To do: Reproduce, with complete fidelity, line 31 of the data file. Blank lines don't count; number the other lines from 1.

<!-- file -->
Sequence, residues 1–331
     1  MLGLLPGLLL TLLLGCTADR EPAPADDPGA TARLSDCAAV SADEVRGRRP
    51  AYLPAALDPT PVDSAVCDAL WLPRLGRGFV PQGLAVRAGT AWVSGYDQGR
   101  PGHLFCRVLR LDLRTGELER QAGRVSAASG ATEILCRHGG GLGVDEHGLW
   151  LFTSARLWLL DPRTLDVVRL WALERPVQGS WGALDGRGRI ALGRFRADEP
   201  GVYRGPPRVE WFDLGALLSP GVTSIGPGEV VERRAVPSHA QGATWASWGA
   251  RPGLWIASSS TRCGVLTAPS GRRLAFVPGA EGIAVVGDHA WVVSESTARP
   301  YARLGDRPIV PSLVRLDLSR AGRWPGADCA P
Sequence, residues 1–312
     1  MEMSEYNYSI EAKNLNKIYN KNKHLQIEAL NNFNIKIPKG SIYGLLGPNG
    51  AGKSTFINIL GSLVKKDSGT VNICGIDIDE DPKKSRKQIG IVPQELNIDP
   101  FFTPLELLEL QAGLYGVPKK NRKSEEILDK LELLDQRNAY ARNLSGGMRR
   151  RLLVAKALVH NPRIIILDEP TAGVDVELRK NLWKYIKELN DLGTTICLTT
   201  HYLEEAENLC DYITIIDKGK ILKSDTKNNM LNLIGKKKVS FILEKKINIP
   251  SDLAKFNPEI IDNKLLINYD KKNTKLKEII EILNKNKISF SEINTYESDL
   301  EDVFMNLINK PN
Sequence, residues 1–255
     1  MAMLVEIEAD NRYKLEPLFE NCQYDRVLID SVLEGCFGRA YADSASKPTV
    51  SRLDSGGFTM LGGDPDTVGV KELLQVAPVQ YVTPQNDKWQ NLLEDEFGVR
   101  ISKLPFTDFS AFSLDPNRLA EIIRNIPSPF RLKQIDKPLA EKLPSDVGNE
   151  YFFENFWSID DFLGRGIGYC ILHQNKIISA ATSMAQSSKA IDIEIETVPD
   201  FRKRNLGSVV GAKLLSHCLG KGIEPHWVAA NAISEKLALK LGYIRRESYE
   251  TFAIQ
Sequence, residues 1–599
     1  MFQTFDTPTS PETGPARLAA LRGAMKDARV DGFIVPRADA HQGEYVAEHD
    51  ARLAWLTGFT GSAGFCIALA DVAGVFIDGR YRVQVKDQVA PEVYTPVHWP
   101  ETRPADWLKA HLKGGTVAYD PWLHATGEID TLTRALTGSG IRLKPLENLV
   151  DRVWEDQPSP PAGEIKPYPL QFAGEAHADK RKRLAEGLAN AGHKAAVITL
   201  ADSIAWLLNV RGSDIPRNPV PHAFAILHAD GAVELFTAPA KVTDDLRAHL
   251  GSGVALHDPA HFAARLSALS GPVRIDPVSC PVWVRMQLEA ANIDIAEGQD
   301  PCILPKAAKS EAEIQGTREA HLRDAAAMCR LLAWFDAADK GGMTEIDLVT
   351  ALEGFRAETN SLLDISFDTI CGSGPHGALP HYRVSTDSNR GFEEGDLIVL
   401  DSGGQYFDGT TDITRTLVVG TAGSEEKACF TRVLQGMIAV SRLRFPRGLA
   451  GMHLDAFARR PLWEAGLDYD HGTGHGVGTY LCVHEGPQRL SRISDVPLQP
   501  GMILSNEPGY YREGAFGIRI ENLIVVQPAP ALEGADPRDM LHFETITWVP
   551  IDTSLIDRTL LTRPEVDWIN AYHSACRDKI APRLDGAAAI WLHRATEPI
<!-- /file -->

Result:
   301  PCILPKAAKS EAEIQGTREA HLRDAAAMCR LLAWFDAADK GGMTEIDLVT